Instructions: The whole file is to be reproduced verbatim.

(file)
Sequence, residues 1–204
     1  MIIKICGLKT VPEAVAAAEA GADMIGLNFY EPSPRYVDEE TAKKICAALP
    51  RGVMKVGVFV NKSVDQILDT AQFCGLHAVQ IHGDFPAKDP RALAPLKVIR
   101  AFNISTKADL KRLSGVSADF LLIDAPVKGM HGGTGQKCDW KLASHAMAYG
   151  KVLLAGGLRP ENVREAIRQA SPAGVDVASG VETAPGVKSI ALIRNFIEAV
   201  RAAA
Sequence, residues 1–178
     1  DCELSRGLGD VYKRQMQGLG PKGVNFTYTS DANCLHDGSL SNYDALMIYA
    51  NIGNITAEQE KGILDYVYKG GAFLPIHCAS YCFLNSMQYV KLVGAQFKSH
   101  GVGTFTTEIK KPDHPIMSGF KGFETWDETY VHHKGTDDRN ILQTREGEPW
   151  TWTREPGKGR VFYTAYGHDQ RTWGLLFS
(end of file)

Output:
Sequence, residues 1–204
     1  MIIKICGLKT VPEAVAAAEA GADMIGLNFY EPSPRYVDEE TAKKICAALP
    51  RGVMKVGVFV NKSVDQILDT AQFCGLHAVQ IHGDFPAKDP RALAPLKVIR
   101  AFNISTKADL KRLSGVSADF LLIDAPVKGM HGGTGQKCDW KLASHAMAYG
   151  KVLLAGGLRP ENVREAIRQA SPAGVDVASG VETAPGVKSI ALIRNFIEAV
   201  RAAA
Sequence, residues 1–178
     1  DCELSRGLGD VYKRQMQGLG PKGVNFTYTS DANCLHDGSL SNYDALMIYA
    51  NIGNITAEQE KGILDYVYKG GAFLPIHCAS YCFLNSMQYV KLVGAQFKSH
   101  GVGTFTTEIK KPDHPIMSGF KGFETWDETY VHHKGTDDRN ILQTREGEPW
   151  TWTREPGKGR VFYTAYGHDQ RTWGLLFS